In rural India, fear of testing and vaccines hampers Covid-19 fight

·4-min read

When health worker Neelam Kumari knocks on doors in Indian villages the occupants sometimes run out the back, terrified that she wants to vaccinate them against Covid-19.

With India's devastating recent virus surge easing in cities, the deadly pandemic is ravaging the vast poverty-stricken rural hinterland. But here, ignorance and fear rule.

"A lot of people in my village don't want to take the vaccine. They fear that they will die if they take it," Kumari told AFP in Dhatrath, a collection of two-storey buildings in Haryana state with buffaloes wandering the streets.

"One of the villagers was so angry that he beat up a (health) worker who was trying to convince him to take the vaccine."

Just 15 percent of people in rural areas, compared with 30 percent in towns and cities, have received at least one vaccine dose so far -- even though two-thirds of cases are being reported in the countryside, according to an analysis by The Hindu daily.

Rumours are shared online or spread through messaging apps like WhatsApp. Fears that 5G causes Covid-19 led to mobile towers being attacked in Haryana.

"People do not even step forward for testing as they think the government will declare them Covid-positive even if they are not," Shoeb Ali, a doctor in Miyaganj village in the northern state of Uttar Pradesh, told AFP.

- 'Deaths after shots' -

This fear pervades despite the sight of bodies dumped in rivers and hundreds of shallow graves suggesting that Covid-19 is raging in India's hinterland where 70 percent of the 1.3-billion population lives.

In Nuran Khera village in Haryana, residents are reluctant to get inoculated even though they said many households reported having fever -- and dozens of people dying.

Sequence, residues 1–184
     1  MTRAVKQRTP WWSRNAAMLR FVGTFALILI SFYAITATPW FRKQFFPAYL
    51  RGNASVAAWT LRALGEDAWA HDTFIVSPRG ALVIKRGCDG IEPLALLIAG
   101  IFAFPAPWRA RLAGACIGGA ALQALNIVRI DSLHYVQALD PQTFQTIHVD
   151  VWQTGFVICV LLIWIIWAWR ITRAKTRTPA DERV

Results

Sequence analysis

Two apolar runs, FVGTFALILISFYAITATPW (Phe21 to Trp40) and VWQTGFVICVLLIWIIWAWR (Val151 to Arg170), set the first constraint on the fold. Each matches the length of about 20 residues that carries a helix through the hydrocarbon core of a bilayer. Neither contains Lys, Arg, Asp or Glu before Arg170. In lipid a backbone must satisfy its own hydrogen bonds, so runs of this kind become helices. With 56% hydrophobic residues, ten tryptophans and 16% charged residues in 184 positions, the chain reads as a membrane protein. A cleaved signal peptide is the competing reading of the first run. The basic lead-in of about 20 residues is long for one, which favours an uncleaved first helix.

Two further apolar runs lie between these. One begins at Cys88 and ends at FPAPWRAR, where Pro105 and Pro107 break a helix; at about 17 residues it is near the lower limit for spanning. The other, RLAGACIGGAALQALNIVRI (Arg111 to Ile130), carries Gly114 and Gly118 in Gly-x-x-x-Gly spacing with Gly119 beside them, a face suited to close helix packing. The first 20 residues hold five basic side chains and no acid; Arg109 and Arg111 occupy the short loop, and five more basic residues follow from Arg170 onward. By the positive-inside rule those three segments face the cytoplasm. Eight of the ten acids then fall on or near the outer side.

"Even after opening up a vaccine centre here, nobody is ready to take it," villager Rajesh Kumar, 45, told AFP.

"I won't take the vaccine because it has many side effects. People get sick after getting vaccines."

In other states, reports have emerged of people jumping into rivers or fleeing into forests just to escape mobile health teams.

Hom Kumari, a health worker at Bhatau Jamalpur village in Uttar Pradesh, said some locals seemed impossible to convince.

"What do we tell someone who says, 'If I'm destined to live, I will, even without the vaccine'?," she asked.

Health facilities are also few and far between and some people believe that going to a public hospital is more dangerous than staying away.

"People who went to hospital never came back," another villager in Nuran Khera, who gave his first name as Kuldip, told AFP.

Kumar said that when his wife fell sick, a private clinic wanted 50,000 rupees ($700) in advance to treat her. A doctor at a public hospital said to take her home.

"My neighbours started saying she has corona. They were frightened," he added. "I took care of her and on the third day she was back on her feet."

- Communication key -

Coronavirus has also dealt the Indian economy a heavy blow, and villagers are often more worried about making ends meet, said community health specialist Rajib Dasgupta.

"It's extremely difficult to communicate why vaccination is important until some of those distressed conditions are alleviated," Dasgupta told AFP.

Experts say that India needs to apply the lessons learnt in its polio vaccination campaign in the 2000s of children under five.

The programme succeeded after trusted community leaders were involved to spread the message to parents that inoculation was safe.

Using a similar approach, religious leaders in Uttar Pradesh were recently called in to encourage their followers to get vaccinated for coronavirus.

Navneet Singh, who oversees immunisation efforts in Haryana's Jind district, says that face-to-face communication had helped ensure that nearly 70 percent of over-45s in Kalwa and neighbouring villages have received at least one shot.

Kalwa health worker Sheela Devi said her "heart was pounding" when her name was included in the vaccination list, but she was reassured when she saw the local doctor getting the shot.

Now she works every day in the village, going door-to-door trying to talk people round, with some success.

"Gradually they were convinced that even if they get corona after getting vaccinated, they won't need hospitalisation. They can take medicines and recover at home," the 45-year-old told AFP.

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